How many people showed up to the polls in California's primary? We might not know for days

SAN FRANCISCO (KGO) -- With the California primary moved up to March, a big question is would that impact turnout? Would more people be interested in the race?

If you're looking for the answer, hold tight.

Counties have until April 3 to complete their vote count, so it could be days or possibly even weeks, before we get the full picture.

Still, there are some projections.

Paul Mitchell, vice president of Political Data Inc, projects 10 million voters participated in the California primary -- roughly 50 percent turnout.

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That number would be on par with the primary in 2016.

Both Alameda and Santa Clara counties said their turnout also seems to reflect that of four years ago.

Officials at both county registrar offices said they expect turnout to be slightly less than 50 percent.

San Francisco County, however, says its turnout might be slightly lower than 2016.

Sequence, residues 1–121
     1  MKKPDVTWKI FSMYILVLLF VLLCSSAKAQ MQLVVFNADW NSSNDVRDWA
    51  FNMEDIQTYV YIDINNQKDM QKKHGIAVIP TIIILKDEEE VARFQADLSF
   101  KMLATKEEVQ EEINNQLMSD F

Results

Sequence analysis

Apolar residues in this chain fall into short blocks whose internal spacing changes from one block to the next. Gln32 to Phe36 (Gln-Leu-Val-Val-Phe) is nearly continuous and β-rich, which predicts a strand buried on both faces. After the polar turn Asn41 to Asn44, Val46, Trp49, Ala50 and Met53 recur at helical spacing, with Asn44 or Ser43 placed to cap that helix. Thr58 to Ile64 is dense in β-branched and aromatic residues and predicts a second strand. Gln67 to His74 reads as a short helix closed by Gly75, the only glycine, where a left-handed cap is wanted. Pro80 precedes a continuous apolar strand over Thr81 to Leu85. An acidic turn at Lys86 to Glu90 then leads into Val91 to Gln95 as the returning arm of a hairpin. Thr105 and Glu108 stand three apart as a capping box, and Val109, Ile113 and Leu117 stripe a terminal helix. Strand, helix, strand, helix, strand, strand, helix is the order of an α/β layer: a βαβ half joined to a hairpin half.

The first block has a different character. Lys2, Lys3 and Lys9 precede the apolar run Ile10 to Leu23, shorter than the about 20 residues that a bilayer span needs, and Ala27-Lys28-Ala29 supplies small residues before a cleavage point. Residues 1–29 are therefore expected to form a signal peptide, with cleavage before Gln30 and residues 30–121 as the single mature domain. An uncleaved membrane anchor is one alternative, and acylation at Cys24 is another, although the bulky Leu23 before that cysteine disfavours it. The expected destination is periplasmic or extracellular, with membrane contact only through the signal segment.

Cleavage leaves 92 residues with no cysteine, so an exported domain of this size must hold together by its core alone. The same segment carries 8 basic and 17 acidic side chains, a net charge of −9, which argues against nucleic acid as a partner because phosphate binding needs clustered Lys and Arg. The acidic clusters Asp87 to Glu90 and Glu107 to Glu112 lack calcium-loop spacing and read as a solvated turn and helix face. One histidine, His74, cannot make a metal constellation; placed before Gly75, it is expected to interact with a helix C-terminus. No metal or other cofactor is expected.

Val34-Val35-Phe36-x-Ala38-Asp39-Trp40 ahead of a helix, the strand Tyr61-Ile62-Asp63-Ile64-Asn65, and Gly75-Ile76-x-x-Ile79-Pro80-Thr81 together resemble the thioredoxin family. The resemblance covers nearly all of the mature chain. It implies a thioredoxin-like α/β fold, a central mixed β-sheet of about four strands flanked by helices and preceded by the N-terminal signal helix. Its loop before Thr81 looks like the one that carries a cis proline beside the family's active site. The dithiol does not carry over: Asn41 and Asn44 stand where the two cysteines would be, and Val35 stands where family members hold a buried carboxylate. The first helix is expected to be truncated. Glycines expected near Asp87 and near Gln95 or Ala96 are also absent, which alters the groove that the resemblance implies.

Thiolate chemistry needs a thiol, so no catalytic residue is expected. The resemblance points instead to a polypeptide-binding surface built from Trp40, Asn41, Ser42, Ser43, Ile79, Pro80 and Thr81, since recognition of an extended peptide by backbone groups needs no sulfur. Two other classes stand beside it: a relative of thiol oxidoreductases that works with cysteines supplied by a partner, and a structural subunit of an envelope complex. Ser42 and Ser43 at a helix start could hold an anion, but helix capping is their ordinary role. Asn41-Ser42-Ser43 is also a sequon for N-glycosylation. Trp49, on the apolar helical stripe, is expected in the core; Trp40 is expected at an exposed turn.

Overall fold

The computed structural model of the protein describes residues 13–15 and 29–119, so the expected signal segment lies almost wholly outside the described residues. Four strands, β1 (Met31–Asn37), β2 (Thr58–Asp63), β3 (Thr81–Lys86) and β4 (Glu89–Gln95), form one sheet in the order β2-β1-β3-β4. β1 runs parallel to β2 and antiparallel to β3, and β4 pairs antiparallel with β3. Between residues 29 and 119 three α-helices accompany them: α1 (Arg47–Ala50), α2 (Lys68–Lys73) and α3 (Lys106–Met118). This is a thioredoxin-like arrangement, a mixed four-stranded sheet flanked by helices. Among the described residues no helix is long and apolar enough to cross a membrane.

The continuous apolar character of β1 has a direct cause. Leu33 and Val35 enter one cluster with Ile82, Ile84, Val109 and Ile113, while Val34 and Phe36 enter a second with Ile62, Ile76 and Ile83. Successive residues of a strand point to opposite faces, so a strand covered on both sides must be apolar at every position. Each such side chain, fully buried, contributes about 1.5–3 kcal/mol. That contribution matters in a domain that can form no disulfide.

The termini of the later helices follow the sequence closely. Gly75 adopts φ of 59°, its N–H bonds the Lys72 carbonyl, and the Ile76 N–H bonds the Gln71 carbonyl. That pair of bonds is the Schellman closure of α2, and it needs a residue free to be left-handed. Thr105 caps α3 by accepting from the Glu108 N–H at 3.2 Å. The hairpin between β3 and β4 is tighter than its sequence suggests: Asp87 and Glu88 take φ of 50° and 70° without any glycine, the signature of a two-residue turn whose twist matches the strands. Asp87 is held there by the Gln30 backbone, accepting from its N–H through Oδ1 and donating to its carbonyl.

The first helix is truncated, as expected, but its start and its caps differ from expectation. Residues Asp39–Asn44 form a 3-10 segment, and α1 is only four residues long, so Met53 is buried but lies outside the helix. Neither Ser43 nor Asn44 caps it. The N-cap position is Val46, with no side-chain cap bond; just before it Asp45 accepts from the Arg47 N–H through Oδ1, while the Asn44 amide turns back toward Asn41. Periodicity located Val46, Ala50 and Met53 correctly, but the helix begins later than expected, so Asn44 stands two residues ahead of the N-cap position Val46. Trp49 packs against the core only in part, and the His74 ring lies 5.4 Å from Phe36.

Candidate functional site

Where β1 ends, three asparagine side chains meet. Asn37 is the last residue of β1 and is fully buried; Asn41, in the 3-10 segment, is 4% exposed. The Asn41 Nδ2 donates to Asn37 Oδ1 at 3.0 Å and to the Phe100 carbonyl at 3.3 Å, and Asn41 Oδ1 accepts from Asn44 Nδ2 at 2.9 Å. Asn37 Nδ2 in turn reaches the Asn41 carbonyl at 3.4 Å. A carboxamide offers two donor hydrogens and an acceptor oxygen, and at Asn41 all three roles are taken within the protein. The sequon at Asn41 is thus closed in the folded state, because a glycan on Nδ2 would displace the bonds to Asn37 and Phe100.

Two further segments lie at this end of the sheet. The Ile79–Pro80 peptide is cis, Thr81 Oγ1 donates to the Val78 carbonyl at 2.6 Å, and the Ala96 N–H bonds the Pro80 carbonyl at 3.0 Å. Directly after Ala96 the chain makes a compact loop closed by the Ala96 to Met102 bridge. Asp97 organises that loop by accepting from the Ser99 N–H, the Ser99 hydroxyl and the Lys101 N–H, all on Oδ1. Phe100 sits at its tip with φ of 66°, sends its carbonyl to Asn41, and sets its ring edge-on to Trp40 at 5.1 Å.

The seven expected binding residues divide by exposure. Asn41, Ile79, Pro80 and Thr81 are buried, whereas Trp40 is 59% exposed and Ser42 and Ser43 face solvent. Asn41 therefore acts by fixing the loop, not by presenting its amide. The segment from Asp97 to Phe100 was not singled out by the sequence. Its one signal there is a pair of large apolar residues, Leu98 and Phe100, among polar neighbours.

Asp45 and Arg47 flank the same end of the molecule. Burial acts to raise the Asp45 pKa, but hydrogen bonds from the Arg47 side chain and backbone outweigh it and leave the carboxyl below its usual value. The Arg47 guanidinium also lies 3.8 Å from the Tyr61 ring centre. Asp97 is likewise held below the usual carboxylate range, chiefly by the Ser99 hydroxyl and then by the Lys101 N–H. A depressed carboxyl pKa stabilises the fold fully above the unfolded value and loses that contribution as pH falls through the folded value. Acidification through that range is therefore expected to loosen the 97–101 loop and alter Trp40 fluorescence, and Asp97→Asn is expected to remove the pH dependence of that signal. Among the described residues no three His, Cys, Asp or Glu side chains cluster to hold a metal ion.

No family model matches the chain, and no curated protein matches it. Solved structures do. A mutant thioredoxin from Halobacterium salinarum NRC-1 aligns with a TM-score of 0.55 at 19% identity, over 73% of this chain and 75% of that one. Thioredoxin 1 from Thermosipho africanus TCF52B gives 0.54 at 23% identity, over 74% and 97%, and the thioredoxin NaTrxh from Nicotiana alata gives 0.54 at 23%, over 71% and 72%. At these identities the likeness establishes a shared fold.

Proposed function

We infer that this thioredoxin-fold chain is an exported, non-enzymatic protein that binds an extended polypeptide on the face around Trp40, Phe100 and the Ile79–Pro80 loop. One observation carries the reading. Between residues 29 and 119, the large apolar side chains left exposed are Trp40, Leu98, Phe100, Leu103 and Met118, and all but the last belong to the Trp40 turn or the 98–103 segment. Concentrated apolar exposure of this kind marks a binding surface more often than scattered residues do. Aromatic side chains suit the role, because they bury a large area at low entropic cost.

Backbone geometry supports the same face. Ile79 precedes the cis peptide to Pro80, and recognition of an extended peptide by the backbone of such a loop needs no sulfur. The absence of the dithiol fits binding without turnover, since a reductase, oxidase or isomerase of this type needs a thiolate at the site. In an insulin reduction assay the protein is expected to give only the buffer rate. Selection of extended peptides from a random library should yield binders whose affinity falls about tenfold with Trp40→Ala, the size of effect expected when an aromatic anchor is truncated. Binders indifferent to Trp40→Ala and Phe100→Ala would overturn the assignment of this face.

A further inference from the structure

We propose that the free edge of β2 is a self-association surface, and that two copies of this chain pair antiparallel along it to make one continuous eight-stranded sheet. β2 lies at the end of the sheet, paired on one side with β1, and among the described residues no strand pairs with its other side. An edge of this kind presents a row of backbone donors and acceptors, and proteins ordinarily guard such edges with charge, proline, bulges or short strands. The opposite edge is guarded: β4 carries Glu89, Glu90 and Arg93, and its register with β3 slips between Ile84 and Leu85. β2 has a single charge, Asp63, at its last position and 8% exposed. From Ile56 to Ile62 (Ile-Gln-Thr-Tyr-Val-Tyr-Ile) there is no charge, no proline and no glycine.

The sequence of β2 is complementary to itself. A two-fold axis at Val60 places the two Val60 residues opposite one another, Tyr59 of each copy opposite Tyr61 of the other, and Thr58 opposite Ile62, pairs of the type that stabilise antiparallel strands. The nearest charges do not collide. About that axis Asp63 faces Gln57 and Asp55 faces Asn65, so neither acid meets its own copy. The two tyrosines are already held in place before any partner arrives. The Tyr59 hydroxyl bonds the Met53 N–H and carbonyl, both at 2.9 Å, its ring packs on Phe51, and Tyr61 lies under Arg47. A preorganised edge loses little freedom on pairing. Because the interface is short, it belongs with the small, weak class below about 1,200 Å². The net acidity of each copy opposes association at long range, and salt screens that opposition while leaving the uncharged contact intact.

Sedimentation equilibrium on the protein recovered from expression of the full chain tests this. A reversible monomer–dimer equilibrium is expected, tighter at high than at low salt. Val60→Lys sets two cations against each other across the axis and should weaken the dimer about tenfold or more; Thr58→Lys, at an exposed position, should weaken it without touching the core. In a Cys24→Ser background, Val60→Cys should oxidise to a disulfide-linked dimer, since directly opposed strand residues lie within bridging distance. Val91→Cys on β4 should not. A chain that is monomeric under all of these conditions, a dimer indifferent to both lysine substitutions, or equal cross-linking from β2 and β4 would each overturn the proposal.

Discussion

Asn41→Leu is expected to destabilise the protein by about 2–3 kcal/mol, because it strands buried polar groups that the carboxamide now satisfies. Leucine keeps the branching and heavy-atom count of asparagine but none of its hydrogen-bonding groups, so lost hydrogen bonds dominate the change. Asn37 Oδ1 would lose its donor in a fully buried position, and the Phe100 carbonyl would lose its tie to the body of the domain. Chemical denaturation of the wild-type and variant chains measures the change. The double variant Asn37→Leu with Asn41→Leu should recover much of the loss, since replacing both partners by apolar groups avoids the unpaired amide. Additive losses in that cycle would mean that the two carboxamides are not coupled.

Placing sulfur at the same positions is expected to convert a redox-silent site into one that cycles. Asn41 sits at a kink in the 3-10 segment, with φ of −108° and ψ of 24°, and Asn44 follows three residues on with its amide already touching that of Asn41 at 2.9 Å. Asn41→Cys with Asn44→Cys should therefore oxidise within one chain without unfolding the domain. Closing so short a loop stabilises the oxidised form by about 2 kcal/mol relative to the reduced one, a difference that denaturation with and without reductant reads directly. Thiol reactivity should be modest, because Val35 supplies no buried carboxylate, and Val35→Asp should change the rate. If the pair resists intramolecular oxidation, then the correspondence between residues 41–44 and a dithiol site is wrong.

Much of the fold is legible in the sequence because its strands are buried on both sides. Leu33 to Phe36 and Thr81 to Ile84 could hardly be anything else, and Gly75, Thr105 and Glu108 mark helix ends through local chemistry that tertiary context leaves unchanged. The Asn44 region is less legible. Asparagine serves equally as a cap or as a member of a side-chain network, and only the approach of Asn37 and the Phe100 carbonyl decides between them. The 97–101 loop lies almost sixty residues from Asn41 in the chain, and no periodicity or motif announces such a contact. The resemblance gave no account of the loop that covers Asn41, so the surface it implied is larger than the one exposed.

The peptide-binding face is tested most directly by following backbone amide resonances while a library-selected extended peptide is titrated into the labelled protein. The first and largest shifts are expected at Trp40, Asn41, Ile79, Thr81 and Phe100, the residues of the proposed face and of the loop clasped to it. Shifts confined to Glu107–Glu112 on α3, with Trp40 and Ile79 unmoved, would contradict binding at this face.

John Arntz, the director of the San Francisco's Office of Elections, said the county has at least 125,000 more ballots to review and process.

"I think by the time all the ballots have come back to us from Election Day and night, it will be about 17 percent less from what we projects to be 64 percent turnout for this Election," Arntz said, "And that 64 percent is based on the last three primary Elections."
But again, these are only estimates.

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Same day voting, vote by mail, and provisional ballots all result in an ultra-complicated vote counting process.

"They're challenging elections for us to conduct because of all the different types of ballot cards," Arntz said.

Like turnout, final results could also not be known for several weeks.

Vermont Senator Bernie Sanders is the projected winner in California, and leading in nearly every county in the state. But former Vice President Joe Biden is not far behind and is also expected to snatch up some delegates -- a sign the last minute strategy to consolidate the moderate vote might have worked.

"Bernie Sanders was on the cusp of just sweeping a ton of these delegates," Mitchell said of California, which has 415 delegates. "That move, those changes that happened just last weekend, likely would not have happened if it weren't for California being part of Super Tuesday."
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